It's either possible or not. Seems from your answer it is both at the same time.

                  "Also, in case you misunderstood - Keane's presentation promotes the same solution we created for you (an inter-app event bus)."

                  I understand perfectly. That's why I pointed you to the presentation, remember?

                  Well, at least we can agree I am not alone pursuing this. At least some products from Google have the same issue. And I can imagine many others. They might be dealing with it today using different approaches (and surviving, like we do). These approaches are mainly related to project management and carefully release coordination between multiple teams. But in an enterprise environment there is a tipping point where this is not possible anymore. We reached it are looking carefully at alternatives on how to overcome this problem while keeping the technologies we have in place. If not possible...

                  Coming back to the solution you provided, an example of maturity could be the inclusion of JSInterop. This actually drops a bomb in your argument "That can't be done as each application has separately obfuscated code."

                  Can you please provide references from the GWT team and GWT project contributors on the topic of "...people from the GWT team and contributors have commented that this pattern of loading multiple GWT applications into one page is not something GWT intends to support, or is deprecated, and so forth."

                  Blama the topic of the presentation given by Robert Keane was on how to leverage the management of a seemingly single application (one page in the browser, no reloads) which is built by multiple teams. Each team is responsible for a separate functionality on the application, and they might want to release updates to those functionalities without having to wait for a release of the whole application. Compilation time plays a minor role here, in the sense that you get it out of the box, because as soon as you can "modularize" the application in such a way then if you are part of a team responsible for a specific feature you can just open your specific project and work/compile that feature without having to compile the whole code of the application. Modularization in the sense of breaking down an application in different modules is possible already today, what is not possible is the ability to release these modules independently. Today you still need a single GWT application which inherits all those modules and if you want to release a new feature of a specific module you need forcibly to make a release of the GWT application.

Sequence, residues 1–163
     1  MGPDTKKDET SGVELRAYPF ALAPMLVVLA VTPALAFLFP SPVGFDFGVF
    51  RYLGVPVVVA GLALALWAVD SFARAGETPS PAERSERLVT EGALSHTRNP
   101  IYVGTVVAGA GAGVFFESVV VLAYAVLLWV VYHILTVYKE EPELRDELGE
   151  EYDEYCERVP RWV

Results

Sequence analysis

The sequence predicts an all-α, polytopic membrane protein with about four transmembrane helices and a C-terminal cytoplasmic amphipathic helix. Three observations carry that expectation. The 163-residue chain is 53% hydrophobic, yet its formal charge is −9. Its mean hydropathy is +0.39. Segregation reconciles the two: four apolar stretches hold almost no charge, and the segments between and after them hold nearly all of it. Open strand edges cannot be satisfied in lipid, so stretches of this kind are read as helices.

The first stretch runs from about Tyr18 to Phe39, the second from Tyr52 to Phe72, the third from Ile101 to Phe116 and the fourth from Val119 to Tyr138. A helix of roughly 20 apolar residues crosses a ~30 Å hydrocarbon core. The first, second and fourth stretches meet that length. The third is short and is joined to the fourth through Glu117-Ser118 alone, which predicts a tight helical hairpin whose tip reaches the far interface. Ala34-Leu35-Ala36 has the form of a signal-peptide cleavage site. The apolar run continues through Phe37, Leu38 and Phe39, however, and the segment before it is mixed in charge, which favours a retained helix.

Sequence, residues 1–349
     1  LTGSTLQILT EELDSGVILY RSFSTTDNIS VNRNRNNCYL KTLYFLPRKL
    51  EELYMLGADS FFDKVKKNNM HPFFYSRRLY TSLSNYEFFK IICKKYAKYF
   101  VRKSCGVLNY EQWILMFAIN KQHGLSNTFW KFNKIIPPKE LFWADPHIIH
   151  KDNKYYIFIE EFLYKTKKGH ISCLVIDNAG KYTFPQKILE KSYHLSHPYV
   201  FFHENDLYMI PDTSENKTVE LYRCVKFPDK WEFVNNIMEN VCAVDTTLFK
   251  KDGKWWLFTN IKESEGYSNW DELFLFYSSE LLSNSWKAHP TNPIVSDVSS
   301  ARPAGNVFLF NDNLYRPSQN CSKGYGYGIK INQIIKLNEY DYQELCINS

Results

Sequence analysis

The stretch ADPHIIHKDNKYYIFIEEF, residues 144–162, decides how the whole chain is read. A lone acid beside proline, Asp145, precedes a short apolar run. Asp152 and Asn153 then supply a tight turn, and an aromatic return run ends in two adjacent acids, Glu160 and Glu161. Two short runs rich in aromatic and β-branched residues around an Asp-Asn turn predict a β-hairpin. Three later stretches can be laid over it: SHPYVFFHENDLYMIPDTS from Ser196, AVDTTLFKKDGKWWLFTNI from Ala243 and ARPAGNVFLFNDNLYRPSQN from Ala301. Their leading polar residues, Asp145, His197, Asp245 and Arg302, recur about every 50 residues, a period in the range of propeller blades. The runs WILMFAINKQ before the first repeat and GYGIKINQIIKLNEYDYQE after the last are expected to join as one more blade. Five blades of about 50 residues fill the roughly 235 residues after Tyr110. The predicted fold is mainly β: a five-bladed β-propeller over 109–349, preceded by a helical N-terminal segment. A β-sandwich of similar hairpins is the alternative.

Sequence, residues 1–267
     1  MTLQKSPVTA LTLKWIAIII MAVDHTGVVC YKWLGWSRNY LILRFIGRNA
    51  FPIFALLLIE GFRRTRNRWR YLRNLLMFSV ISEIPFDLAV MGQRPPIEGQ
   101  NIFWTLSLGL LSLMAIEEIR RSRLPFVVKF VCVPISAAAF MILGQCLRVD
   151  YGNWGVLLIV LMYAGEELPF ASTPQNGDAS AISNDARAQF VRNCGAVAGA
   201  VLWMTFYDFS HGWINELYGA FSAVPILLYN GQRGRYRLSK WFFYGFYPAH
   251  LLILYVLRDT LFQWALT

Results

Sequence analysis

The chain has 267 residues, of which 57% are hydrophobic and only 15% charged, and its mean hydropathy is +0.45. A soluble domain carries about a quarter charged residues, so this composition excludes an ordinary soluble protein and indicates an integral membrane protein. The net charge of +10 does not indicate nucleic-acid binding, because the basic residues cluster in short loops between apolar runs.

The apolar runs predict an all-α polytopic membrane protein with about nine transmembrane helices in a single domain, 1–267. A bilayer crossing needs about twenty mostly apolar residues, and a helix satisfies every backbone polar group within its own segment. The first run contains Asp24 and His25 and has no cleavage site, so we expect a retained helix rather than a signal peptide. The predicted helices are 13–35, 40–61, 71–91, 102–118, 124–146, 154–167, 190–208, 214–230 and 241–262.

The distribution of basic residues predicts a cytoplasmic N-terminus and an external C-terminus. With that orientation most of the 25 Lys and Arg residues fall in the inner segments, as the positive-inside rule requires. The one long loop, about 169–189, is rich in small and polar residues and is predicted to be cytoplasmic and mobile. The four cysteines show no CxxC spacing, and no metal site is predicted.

The idea is that you could deploy the modules stand alone (so they have their own release cycle) and then have the "application" use the functionality in these remote modules.
                  This is what is depicted in the picture on my first post.